There was limited mention of Nesfield and his groundbreaking work on chlorine disinfection in histories of drinking water disinfection.  In Race’s remarkable 1918 book on chlorination of water, he gave Nesfield credit for the first use of liquefied chlorine for the disinfection of water. (Race 1918) Baker devoted a few sentences to Nesfield’s contributions. (Baker 1981) In a later summary of the progress of drinking water disinfection in 1950, Race again gave credit for Nesfield’s unique application of chlorine technology. (Race 1950)

References:

Baker, Moses N. 1981. The Quest for Pure Water: the History of Water Purification from the Earliest Records to the Twentieth Century. 2nd Edition. Vol. 1. Denver, Co.: American Water Works Association.

Hill, Henry W. 1920. “Water Supply: For Municipal, Domestic and Potable Purposes, Including Its Sources, Conservation, Purification and Distribution.” In The Encyclopedia Americana, 39–65.

Nesfield, Vincent B. 1903. “A Chemical Method of Sterilizing Water Without Affecting its Potability.” Public Health. 15(7): 601–3.

Nesfield, Vincent B. 1905. “A Simple Chemical Process of Sterilizing Water for Drinking Purposes for Use in the Field and at Home.” The Journal of Preventive Medicine. 8: 623-32.

“Pure Water.” 1907. Journal of Tropical Medicine and Hygiene. 10(January 15): 30.

Race, Joseph. 1918. Chlorination of Water. New York City, N.Y.: John Wiley & Sons.

Race, Joseph. 1950. “Forty Years of Chlorination: 1910–1949.” Journal Institution of Water Engineers. 4: 479–505.

October 24, 1981 New York Times–Producing Fresh Water By Melting Icebergs. “Icebergs can be melted in such a way as to produce fresh water and mechanical energy. The proposed operation is described in a patent awarded this week to three employees of the Department of Agriculture Research Center, Berkeley, Calif.

The procedure, as outlined by Wayne M. Camirand, John M. Randall and Earl Hautala in patent 4,295,333, starts with evaporating warm surface water by pumping it into a vacuum. The vapor produces electrical energy by operating a turbine. The vapor is then condensed by cold water from the iceberg, and the mixture is used to melt the iceberg itself. The added moisture from the vapor creates a volume of fresh water larger than that produced by melting the iceberg alone.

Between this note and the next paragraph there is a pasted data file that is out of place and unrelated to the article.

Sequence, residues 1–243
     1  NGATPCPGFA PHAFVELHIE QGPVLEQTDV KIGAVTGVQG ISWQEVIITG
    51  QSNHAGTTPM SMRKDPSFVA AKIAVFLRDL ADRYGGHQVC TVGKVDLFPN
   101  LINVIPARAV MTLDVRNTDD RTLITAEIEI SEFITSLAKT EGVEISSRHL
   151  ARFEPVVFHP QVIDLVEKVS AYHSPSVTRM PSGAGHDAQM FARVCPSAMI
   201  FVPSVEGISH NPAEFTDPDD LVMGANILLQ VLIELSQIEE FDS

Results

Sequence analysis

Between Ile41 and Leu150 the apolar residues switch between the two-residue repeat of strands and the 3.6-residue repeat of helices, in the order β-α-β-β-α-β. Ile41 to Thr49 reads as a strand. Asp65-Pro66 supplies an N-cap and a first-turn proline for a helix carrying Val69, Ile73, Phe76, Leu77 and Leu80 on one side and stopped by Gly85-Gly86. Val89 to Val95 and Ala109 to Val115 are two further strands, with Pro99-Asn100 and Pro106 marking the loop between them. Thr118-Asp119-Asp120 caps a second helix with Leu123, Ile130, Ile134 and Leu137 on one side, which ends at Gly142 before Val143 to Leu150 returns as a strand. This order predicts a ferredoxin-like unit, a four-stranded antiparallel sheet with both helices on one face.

In a telephone interview, Mr. Randall said that although the iceberg procedure had not yet been followed, much interest had been shown in towing icebergs from Antarctica, and several small ocean thermal energy conversion plants had been built and operated experimentally.”

Commentary: I am taking bets on whether or not this patent was ever commercialized. Had they known, all the three gents had to do is wait 30 years for climate change to melt icebergs for them. Is this where the phrase “patently absurd” comes from?

October 24, 1632:  Birthday of Antonie van Leeuwenhoek. Throughout the history of scientific improvement, the development of the tools for scientists helped incremental increases in knowledge as well as allowing them to break new barriers and make discoveries that would otherwise not have been possible.  Such is the case for the invention of and improvement to the microscope.

Lenses that magnified things were around for hundreds of years.  Others had assembled multiple lenses in tubes and created the compound microscope.  But it was not until the 17th century that a big leap was made. Antonie van Leeuwenhoek was born in 1632 in Delft of what is now called the Netherlands.  In the same year, Galileo published his famous work Dialogue in which he argued that Copernicus was right—the sun was the center of our solar system.  To put it mildly, science was in its infancy.  The Catholic Church rewarded Galileo for his insight by declaring him heretic and holding him under house arrest for the rest of his life.

There are many descriptions of van Leeuwenhoek’s life but the most entertaining is the lyrical narrative by Paul de Kruif in his classic book Microbe Hunters.  De Kruif described van Leeuwenhoek as a janitor and shopkeeper, and, indeed, he was.  However, van Leeuwenhoek was also obsessed with grinding lenses, making better microscopes and viewing the, as yet, unviewed microbial world.

While looking around his house for common items to study with his inventions, he decided to look at drops of water and discovered that there were “beasties” swimming around.  After a significant amount of time, which he used to perfect his tool and hone his descriptions of the microbial world, van Leeuwenhoek began corresponding with the Royal Society in London.  Despite initial skepticism, the Royal Society elected him to their august body.  Van Leeuwenhoek did not share well with others and preferred to keep his improvements to the microscope to himself.  He did share his many discoveries in hundreds of letters to the Royal Society including many descriptions of bacteria.  He was the first person to make these observations.